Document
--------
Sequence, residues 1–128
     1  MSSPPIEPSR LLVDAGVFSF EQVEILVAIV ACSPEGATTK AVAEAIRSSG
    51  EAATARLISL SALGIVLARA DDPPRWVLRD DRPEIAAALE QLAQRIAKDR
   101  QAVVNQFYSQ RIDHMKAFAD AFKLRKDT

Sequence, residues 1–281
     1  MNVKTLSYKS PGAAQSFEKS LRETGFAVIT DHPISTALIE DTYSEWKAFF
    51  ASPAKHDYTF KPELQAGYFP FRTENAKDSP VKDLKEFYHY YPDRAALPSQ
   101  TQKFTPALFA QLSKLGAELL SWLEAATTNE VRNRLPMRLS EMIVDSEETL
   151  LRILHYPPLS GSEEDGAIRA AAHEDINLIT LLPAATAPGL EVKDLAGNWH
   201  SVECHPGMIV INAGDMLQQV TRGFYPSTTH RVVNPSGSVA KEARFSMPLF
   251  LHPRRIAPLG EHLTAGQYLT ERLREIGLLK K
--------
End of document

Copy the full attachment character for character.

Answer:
Sequence, residues 1–128
     1  MSSPPIEPSR LLVDAGVFSF EQVEILVAIV ACSPEGATTK AVAEAIRSSG
    51  EAATARLISL SALGIVLARA DDPPRWVLRD DRPEIAAALE QLAQRIAKDR
   101  QAVVNQFYSQ RIDHMKAFAD AFKLRKDT

Sequence, residues 1–281
     1  MNVKTLSYKS PGAAQSFEKS LRETGFAVIT DHPISTALIE DTYSEWKAFF
    51  ASPAKHDYTF KPELQAGYFP FRTENAKDSP VKDLKEFYHY YPDRAALPSQ
   101  TQKFTPALFA QLSKLGAELL SWLEAATTNE VRNRLPMRLS EMIVDSEETL
   151  LRILHYPPLS GSEEDGAIRA AAHEDINLIT LLPAATAPGL EVKDLAGNWH
   201  SVECHPGMIV INAGDMLQQV TRGFYPSTTH RVVNPSGSVA KEARFSMPLF
   251  LHPRRIAPLG EHLTAGQYLT ERLREIGLLK K